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Thursday, November 24, 2011



You know by now that we sometimes get lucky and have a guest paying us a  visit. Our guest today is none other than Ian Hall 
When I fist got in touch with Ian, I naively said I would like to read his book first before sending my questions after all the rationale of Center Stage is to read the book, review it and then ‘chat’ with author on Center Stage. Ian must have laughed when he said his book was 200,00 words strong 605 pages. I gulped. He offered that I could read in bits, I stared at the computer screen wondering if I just read those words 605 pages. I gave a timid reply asking if there was a review I could read meanwhile I took a look at what he had sent. Heck, it is history book of guns, war, sickness and Jamie. 6 pages into the book I was laughing while I wanted to give Jamie a spanking too. Well,  Ian is here and I would like to share him with you. Ian Hall author of the very readable and enjoyable book “OPPORTUNITIES”

First of all I would like to congratulate you. That was one hell of a story Ian. I am at best an old lady of 61 living in the middle of nowhere in Nigeria and you took me back into the middle ages and one hell of a journey that I was shocked to find I did not want it to end.
This is incredible as my jaw had dropped when you landed 605 pages on me! I would like to assure you I am reviewing my naïve promise that I give to authors that I need to read the book first. Seriously though, I feel exhilarated almost confused myself into thinking I am a sailor now.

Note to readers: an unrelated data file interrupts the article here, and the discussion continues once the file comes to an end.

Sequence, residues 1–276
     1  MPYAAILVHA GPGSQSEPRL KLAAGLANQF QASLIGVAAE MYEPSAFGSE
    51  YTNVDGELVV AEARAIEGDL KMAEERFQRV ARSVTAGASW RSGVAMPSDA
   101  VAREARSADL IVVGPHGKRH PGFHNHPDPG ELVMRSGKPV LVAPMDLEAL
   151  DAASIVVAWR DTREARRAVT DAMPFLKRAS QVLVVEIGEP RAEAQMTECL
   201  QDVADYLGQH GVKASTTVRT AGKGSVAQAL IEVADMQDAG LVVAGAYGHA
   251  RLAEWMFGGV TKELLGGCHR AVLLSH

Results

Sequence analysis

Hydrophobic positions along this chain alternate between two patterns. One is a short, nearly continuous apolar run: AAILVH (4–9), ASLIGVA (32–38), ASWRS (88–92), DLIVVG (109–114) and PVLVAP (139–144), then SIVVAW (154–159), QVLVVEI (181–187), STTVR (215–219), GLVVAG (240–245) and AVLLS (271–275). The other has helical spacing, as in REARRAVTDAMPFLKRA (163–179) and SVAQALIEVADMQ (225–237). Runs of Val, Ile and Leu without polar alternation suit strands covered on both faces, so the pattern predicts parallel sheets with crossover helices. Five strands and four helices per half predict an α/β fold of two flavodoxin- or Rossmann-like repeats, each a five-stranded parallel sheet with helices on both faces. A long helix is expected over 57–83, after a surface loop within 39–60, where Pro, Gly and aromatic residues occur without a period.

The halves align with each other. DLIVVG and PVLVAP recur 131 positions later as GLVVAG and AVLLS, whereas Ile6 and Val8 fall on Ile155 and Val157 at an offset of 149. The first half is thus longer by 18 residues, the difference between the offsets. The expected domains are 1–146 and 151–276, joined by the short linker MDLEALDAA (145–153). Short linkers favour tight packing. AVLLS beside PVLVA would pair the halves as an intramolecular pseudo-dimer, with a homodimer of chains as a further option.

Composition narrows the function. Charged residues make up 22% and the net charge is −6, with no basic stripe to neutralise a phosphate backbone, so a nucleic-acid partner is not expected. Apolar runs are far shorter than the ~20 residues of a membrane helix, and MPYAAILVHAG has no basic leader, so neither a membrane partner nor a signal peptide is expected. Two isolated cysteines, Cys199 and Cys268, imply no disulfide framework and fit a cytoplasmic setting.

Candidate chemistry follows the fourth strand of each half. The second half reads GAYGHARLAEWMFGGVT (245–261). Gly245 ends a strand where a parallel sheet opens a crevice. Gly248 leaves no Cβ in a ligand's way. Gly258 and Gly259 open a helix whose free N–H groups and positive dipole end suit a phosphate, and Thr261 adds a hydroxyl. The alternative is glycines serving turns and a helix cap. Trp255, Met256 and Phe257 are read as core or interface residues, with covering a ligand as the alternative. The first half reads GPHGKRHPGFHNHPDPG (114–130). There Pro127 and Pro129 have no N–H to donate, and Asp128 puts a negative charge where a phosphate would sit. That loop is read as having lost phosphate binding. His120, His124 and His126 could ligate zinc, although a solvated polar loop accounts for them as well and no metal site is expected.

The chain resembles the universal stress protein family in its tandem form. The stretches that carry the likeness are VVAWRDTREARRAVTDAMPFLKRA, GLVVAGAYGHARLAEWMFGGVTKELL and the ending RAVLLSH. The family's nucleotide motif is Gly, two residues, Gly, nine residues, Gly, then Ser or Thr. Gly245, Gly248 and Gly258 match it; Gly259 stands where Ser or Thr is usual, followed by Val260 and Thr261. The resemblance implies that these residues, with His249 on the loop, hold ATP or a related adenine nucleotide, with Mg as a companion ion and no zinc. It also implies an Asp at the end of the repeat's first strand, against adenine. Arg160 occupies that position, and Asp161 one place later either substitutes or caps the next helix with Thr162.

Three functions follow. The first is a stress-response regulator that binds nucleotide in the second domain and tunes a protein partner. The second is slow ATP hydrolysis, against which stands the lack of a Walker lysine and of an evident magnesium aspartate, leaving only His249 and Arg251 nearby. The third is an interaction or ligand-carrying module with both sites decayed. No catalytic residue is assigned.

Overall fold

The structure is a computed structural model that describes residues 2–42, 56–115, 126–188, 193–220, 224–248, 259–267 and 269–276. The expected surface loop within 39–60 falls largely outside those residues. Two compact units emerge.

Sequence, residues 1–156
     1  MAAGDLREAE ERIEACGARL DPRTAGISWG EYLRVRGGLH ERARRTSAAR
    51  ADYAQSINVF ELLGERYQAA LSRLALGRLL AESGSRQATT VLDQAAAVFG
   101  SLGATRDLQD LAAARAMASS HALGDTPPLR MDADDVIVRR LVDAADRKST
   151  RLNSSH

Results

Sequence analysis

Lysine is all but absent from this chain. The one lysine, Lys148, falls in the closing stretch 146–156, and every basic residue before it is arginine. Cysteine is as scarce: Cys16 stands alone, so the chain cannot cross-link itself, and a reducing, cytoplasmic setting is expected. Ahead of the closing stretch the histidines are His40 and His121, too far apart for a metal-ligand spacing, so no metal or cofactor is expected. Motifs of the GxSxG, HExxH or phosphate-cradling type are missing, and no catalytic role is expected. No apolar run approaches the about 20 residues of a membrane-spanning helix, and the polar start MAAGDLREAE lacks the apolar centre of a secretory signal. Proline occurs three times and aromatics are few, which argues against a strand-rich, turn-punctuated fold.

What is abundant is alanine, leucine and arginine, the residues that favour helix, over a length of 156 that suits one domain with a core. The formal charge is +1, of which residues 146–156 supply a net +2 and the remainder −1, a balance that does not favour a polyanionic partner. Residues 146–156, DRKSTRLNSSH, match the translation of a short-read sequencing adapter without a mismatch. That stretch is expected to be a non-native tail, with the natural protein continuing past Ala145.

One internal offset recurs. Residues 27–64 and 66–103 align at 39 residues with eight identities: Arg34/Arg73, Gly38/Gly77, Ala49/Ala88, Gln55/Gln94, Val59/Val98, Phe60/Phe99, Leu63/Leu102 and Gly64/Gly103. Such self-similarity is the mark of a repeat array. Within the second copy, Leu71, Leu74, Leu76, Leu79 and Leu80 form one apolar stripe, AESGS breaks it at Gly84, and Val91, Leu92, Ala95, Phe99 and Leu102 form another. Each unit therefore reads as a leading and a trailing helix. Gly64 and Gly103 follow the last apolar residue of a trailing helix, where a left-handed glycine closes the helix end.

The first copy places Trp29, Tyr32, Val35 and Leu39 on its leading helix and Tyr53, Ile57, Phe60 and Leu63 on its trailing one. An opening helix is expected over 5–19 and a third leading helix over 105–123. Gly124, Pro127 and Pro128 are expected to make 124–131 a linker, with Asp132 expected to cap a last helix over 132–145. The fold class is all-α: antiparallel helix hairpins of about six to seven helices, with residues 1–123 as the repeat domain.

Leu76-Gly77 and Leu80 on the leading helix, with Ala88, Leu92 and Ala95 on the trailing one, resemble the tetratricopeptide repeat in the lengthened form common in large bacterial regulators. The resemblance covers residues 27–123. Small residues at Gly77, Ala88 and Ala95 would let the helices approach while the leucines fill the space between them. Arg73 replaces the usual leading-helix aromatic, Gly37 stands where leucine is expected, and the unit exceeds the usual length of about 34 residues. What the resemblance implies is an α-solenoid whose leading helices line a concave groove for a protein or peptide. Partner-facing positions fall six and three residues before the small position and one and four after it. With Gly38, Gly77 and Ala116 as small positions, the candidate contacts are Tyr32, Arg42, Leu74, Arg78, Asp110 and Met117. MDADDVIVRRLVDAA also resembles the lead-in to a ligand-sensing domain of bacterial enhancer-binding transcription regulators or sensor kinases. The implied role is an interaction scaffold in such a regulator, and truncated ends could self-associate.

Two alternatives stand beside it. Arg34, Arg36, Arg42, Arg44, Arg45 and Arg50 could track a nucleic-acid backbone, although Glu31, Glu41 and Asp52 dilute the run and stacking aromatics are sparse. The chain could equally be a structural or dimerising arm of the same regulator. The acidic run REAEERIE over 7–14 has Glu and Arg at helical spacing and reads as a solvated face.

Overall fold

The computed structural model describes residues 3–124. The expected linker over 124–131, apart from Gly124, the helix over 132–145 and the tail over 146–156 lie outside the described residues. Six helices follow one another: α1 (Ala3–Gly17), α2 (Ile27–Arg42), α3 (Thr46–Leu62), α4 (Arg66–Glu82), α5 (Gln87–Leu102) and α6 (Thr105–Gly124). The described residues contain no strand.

1.Now Captain, if we may start this sail appropriately, please tell us about yourself
I’m 51, born in Edinburgh, Scotland, and immigrated ten years ago to Kansas in the USA. I started writing 15 years ago, but only seriously for twelve or so. Midlife crisis, etc. Opportunities isn’t my first novel, but it’s the first one to be actually finished.
2, Opportunities like an onion story has a lot of layers and it is a straight adventure story, why did you write it?
I’m a bit of a historian, you’d never guess, and when I found the Scottish Darien story, it was a bit of a surprise to me. I’d never heard hide nor hair of it before. It kinda became a big-interest deal for me; I wrote a song about it, and it must have festered in my head for a few years. Then I wrote the (then) short story of Jamie stowing away. (I must say here, that if it hadn’t been for my wife Karla, Jamie would never have been born) When I opened the second chapter, I still didn’t know where Jamie was, and the story then wrote itself. I was only along for the ride. After Jamie was under my skin, the rest was almost a compulsion. Jamie really has become a member of the family.
3, Jamie grew right in our eyes from a cold faced street savvy urchin to prosperous shrewd merchant ship owner making the title of the book “OPPORTNUNITIES” most apt. Man is always given opportunities and what he makes of it becomes his responsibility right?